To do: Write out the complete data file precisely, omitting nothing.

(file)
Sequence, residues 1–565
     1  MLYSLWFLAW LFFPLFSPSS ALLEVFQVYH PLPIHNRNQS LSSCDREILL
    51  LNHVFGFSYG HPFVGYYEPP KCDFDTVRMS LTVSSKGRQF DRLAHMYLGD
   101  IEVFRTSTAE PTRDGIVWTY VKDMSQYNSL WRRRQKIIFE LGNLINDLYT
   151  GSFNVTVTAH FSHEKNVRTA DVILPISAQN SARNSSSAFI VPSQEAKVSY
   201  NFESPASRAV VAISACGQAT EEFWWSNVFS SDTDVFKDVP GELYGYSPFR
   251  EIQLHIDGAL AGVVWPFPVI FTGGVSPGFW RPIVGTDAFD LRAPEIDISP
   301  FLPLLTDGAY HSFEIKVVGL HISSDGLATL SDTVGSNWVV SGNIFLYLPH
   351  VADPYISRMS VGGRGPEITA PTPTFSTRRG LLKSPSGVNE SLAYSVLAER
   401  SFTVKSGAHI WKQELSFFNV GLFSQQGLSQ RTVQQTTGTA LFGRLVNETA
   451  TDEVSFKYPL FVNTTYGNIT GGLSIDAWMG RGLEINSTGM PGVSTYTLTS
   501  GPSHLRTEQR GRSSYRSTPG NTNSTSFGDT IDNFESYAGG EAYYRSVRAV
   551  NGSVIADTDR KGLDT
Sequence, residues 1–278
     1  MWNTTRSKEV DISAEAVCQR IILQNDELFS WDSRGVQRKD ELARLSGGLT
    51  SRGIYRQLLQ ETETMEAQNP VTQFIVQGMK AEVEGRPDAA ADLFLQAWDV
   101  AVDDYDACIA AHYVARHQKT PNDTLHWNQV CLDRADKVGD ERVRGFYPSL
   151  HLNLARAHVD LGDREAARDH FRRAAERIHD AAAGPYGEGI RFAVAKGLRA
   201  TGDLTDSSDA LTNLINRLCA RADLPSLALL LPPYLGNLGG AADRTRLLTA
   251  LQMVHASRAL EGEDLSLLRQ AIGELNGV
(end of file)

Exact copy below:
Sequence, residues 1–565
     1  MLYSLWFLAW LFFPLFSPSS ALLEVFQVYH PLPIHNRNQS LSSCDREILL
    51  LNHVFGFSYG HPFVGYYEPP KCDFDTVRMS LTVSSKGRQF DRLAHMYLGD
   101  IEVFRTSTAE PTRDGIVWTY VKDMSQYNSL WRRRQKIIFE LGNLINDLYT
   151  GSFNVTVTAH FSHEKNVRTA DVILPISAQN SARNSSSAFI VPSQEAKVSY
   201  NFESPASRAV VAISACGQAT EEFWWSNVFS SDTDVFKDVP GELYGYSPFR
   251  EIQLHIDGAL AGVVWPFPVI FTGGVSPGFW RPIVGTDAFD LRAPEIDISP
   301  FLPLLTDGAY HSFEIKVVGL HISSDGLATL SDTVGSNWVV SGNIFLYLPH
   351  VADPYISRMS VGGRGPEITA PTPTFSTRRG LLKSPSGVNE SLAYSVLAER
   401  SFTVKSGAHI WKQELSFFNV GLFSQQGLSQ RTVQQTTGTA LFGRLVNETA
   451  TDEVSFKYPL FVNTTYGNIT GGLSIDAWMG RGLEINSTGM PGVSTYTLTS
   501  GPSHLRTEQR GRSSYRSTPG NTNSTSFGDT IDNFESYAGG EAYYRSVRAV
   551  NGSVIADTDR KGLDT
Sequence, residues 1–278
     1  MWNTTRSKEV DISAEAVCQR IILQNDELFS WDSRGVQRKD ELARLSGGLT
    51  SRGIYRQLLQ ETETMEAQNP VTQFIVQGMK AEVEGRPDAA ADLFLQAWDV
   101  AVDDYDACIA AHYVARHQKT PNDTLHWNQV CLDRADKVGD ERVRGFYPSL
   151  HLNLARAHVD LGDREAARDH FRRAAERIHD AAAGPYGEGI RFAVAKGLRA
   201  TGDLTDSSDA LTNLINRLCA RADLPSLALL LPPYLGNLGG AADRTRLLTA
   251  LQMVHASRAL EGEDLSLLRQ AIGELNGV